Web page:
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Roth IRA Conversion Guide

roth ira conversion

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Roger Wohlner
Updated September 14, 2022
6 Min Read

Roth IRAs can be a good option for investors saving for retirement. Roth IRAs offer tax-free growth and the money in the account can be withdrawn tax-free if certain requirements are met. Roth IRAs are not subject to required minimum distributions and can be advantageous in estate planning due to the inherited IRA rules of the SECURE act. 

Here are some things to know when considering a Roth IRA conversion. 

What is a Roth IRA conversion? 

A Roth IRA conversion involves converting funds held in a traditional IRA to a Roth IRA. This can involve a conversion of the entire traditional IRA or a portion of the traditional IRA. The conversion can be made to an existing Roth IRA or a new Roth IRA can be opened to accept the conversion. 

There are income limitations on the ability to contribute to a Roth IRA that can limit or totally prohibit your ability to make Roth IRA contributions. In addition, annual contribution amounts are limited to the amount allowed for IRAs, which are $6,000 with an additional $1,000 catch-up contribution for those who are 50 over for 2022. 

A Roth IRA conversion is helpful for those who are ineligible to contribute to a Roth IRA due to their income and for those who want to have a larger amount of their retirement savings to be in a Roth account. 

Converting a Traditional IRA to a Roth IRA 

There are several ways to convert a traditional IRA to a Roth IRA.

Perhaps the easiest is a situation where both accounts are at the same custodian, for example Fidelity, Vanguard, Schwab or others. In a case like this you would simply do the conversion at the custodian, often this can be done online by logging into your account. 

Another scenario would be if the conversion is being done from a traditional IRA at one custodian to a Roth IRA at another custodian. In this case you will want to check with each custodian to determine how the process will work. You should be able to do this as a trustee-to-trustee transfer, but each custodian has their own procedures including which custodian would initial the transfer to do the conversion.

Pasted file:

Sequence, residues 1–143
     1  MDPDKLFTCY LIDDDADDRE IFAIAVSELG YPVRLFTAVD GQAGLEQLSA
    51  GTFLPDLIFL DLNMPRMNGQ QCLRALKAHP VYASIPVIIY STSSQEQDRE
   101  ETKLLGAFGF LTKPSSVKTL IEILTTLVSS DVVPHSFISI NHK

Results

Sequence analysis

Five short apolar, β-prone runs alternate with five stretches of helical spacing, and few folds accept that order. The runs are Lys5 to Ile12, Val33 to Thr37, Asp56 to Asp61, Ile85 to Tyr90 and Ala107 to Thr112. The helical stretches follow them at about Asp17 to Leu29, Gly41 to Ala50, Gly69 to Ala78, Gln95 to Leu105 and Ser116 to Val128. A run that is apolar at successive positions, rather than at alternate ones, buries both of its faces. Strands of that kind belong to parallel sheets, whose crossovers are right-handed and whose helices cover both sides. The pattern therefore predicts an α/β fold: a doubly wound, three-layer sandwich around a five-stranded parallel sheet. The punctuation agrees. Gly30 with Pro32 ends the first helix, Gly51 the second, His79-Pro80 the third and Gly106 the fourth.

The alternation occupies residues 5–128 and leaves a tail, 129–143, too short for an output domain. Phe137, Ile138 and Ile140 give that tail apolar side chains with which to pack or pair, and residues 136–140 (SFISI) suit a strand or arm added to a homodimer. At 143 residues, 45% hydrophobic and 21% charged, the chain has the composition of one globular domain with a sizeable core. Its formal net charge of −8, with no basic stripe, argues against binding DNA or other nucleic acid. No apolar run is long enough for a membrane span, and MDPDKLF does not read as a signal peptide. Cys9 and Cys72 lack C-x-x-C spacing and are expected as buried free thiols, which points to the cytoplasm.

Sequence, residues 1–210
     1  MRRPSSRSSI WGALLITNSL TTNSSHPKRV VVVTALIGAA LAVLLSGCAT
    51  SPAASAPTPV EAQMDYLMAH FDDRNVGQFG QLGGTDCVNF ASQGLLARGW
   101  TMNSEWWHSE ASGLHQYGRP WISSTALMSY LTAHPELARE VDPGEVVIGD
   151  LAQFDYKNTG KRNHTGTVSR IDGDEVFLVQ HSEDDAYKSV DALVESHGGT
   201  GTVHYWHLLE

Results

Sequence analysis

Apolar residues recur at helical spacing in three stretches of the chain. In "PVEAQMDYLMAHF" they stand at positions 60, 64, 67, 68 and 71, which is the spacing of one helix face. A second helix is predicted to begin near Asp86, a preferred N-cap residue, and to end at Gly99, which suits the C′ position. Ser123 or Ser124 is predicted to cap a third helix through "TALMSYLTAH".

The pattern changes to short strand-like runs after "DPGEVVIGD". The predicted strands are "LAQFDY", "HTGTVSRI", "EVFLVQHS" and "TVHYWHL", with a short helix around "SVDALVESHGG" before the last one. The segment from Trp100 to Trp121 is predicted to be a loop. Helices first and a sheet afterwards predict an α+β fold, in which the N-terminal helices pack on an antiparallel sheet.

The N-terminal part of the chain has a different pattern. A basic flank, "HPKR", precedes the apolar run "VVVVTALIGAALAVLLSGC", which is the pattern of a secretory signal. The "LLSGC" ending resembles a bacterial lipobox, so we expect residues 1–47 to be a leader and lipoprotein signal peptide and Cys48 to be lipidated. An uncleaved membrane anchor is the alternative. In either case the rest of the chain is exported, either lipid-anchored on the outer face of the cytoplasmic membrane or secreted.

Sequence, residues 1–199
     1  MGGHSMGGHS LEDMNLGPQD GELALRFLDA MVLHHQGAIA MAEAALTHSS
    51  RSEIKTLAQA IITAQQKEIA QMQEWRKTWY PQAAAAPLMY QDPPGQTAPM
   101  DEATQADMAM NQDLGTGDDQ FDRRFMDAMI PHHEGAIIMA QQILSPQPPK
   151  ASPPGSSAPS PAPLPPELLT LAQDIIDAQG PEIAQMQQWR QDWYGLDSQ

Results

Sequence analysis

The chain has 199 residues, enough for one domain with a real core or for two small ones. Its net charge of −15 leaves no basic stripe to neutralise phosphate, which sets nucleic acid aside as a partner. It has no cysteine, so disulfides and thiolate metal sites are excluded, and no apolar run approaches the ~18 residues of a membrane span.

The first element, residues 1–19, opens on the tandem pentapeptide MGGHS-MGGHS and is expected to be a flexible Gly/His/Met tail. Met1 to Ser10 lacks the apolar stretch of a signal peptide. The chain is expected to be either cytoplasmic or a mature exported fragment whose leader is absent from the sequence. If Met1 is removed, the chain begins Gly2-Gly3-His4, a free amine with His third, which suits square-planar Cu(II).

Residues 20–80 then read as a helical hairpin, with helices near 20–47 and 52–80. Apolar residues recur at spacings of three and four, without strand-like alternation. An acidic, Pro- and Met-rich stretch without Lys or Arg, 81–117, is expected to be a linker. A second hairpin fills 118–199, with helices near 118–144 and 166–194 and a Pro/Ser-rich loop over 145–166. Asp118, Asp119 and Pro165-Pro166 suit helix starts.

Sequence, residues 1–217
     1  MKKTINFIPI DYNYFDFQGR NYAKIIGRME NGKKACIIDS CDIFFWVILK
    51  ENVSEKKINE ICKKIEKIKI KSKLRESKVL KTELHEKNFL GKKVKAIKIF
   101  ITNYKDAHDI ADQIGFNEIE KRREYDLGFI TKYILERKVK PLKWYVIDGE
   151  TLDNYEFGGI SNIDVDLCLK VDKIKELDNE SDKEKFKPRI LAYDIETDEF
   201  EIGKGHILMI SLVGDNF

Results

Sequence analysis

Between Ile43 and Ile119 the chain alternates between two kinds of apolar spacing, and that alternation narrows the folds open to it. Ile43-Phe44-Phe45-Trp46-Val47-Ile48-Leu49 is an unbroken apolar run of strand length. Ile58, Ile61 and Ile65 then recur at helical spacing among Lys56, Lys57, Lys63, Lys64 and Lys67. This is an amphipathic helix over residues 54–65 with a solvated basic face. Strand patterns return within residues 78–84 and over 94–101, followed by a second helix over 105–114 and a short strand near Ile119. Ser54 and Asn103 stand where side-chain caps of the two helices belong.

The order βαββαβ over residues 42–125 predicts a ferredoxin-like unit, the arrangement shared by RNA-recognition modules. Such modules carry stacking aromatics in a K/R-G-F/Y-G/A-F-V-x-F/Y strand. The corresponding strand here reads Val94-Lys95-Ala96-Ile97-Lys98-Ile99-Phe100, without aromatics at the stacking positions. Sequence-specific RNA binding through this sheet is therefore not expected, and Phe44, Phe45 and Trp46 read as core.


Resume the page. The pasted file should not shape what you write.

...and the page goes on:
Another route is to take a distribution from a traditional IRA account and then do the conversion by depositing the distribution into a Roth IRA account. Under this methodology you will generally need to complete this transaction within a 60-day timeframe to avoid taxes and any penalties on the distribution. 

Tax Implications of Converting to a Roth IRA 

Money converted from a traditional IRA to a Roth IRA is generally taxable at your marginal federal tax rate for ordinary income. For example, if your income was $100,000 and then you did a Roth IRA conversion of $25,000, then you would have $125,000 of ordinary income. 

Taxation of money converted to a Roth IRA will vary at the state level based on the rules of your state. For example, my home state of Illinois does not tax Roth IRA conversions. It is a good idea to check the rules for your state to be sure. 

If some of the money in your traditional IRA consists of after-tax contributions, then the conversion amount is taxable based on the ratio of money contributed on an after-tax basis to pre-tax contributions and earnings. 

On a longer-term basis, money converted from a traditional IRA to a Roth IRA will not be taxed in the future. In the case of required minimum distributions, the money converted to a Roth IRA will never be part of the RMD calculation in future years. This will result in lower RMDs and lower taxes than if the money had not been converted. 

One strategy surrounding taxes is to look at your income in a given year before doing the conversion. If you have a year when your income is lower than normal, this might be a good time to do the conversion. 

Roth Conversion Limits 

There are currently no limitations on the number of Roth IRA conversions that you can do or on the size of the conversions. You will want to take the tax implications and other factors into consideration in determining the timing and size of any Roth IRA conversions. 

While not a limit per say, for those who must take an RMD from a traditional IRA account, the RMD must be taken in full, doing a Roth IRA conversion does not reduce the amount of the RMD or the taxes due.